Best Buy Co. hopes to sell a lot of iPad 2s and Samsung Galaxy Tabs this year, investing millions of dollars into training employees and designing Tablet Central section at its stores.
But when it comes to its own apps for tablets, the company literally shrinks from the task. Download the latest Best Buy app for the iPad 2 and you will essentially see a small smartphone screen superimposed on the tablet screen. You can zoom in but that messes with the resolution.
It's not just about aesthetics. Users, which rated the app two out of five stars, are complaining the app constantly freezes and cashes. Others say they can't access their wish lists or the price of products changes by the time you reach checkout.
"C'mon...you're the big boys, get a BIG BOY APP," wrote Diamantopoulous. "Ever take a peek at [Target's] app?"
I first got word of Best Buy's app during an interview with author Avinash Kaushik, who also moonlights as a "Digital Marketing Evangelist" for Google. The best I can tell, that means Kaushik preaches the value of the Internet and social media to companies on Google's behalf.
As you can probably imagine, most companies do a rather poor job at connecting technology to their businesses, he said. To prove his point, Kaushik recalled a recent conference in which he showed the audience a major retailer's app on the Samsung Galaxy Tab.
Guess which retailer?
"It was astonishingly bad," Kaushik told me. "It used less than 20 percent of the [device's] real estate, which makes it hard to buy anything. It's inexcusable."
I ran this by Jeremy Baier,a spokesman at Best Buy. Here's Baier's response via e-mail:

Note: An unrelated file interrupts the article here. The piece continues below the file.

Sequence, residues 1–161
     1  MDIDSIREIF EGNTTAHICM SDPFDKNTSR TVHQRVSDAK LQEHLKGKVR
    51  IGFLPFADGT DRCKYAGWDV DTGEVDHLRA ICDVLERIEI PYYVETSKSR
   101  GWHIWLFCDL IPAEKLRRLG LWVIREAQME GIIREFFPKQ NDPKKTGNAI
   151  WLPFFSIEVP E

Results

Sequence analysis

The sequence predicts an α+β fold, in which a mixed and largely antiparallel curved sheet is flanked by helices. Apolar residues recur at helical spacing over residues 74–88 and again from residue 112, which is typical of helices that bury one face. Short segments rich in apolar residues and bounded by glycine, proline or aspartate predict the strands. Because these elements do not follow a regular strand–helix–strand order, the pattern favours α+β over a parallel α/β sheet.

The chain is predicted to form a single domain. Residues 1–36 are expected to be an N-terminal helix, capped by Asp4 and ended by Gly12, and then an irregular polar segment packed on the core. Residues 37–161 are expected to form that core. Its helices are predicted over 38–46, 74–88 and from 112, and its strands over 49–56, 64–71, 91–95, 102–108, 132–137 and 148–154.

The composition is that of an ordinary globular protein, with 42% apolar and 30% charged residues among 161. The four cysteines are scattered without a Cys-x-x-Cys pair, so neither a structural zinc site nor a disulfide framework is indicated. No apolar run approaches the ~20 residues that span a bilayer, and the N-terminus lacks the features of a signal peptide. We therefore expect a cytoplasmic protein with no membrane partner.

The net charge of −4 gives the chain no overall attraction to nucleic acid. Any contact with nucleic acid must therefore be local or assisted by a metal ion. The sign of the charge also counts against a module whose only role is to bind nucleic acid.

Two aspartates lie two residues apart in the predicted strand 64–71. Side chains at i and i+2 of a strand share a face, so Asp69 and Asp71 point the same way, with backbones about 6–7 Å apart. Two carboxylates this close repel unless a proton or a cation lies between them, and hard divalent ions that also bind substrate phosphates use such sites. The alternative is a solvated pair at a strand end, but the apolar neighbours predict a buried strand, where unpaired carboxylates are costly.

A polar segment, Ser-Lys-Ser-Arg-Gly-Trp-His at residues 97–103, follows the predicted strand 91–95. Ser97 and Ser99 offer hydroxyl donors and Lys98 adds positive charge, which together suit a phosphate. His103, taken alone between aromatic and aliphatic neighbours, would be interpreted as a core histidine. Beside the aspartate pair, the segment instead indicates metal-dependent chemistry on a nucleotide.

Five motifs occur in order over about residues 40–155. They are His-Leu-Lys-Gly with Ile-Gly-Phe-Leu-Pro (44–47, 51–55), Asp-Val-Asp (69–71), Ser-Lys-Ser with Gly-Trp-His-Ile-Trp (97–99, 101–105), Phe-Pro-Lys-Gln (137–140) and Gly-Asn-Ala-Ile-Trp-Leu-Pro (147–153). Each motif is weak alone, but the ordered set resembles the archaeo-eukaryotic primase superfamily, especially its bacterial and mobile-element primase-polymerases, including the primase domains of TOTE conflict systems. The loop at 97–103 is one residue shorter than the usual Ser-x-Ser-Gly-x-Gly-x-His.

You asked about our reaction to the MIMA presentation made by Avinash Kaushik, during which he critiqued a number of local company apps, including Best Buy’s. Several of our colleagues were actually at this presentation, and thought it was great. It helped affirm some of the improvements Best Buy is already making, and also reinforced that these experiences need to be constantly upgraded and improved as consumers adopt new mobile platforms like smart phones and tablets.
UPDATE: Baier tells me that the company recently released a new optimized version of bestbuy.com that tablet users can access through their browsers, the first of a series of "evolutions" to the site. It appears Best Buy has chosen to focus on its browser experience rather than develop an optimal app for tablets, though the retailer designed one for smartphones.
Frankly, Best Buy's faulty tablets apps are surprising, given its reputation as a technology-savvy company with deep experience in multi-channel retailing.
But web retailing experts say that traditional bricks and mortar companies continue to struggle because their businesses, whether physical stores, website, call centers, or mobile devices, operate in silos, making integration and coordination next to impossible. Often these units compete with each for resources.
In Best Buy's case, the retailer spared no expense in making sure the stores effectively sell tablets. But as the key holiday shopping season approaches, the company has yet to release an app optimized for the very devices they are trying to sell.
Best Buy executives have told me that the first competitors to the iPad failed because they lack vibrant apps for their tablets. It's not just about selling hardware, they told me, but rather creating the right "ecosystem" around the device like software and content.
It's advice that Best Buy itself should certainly follow.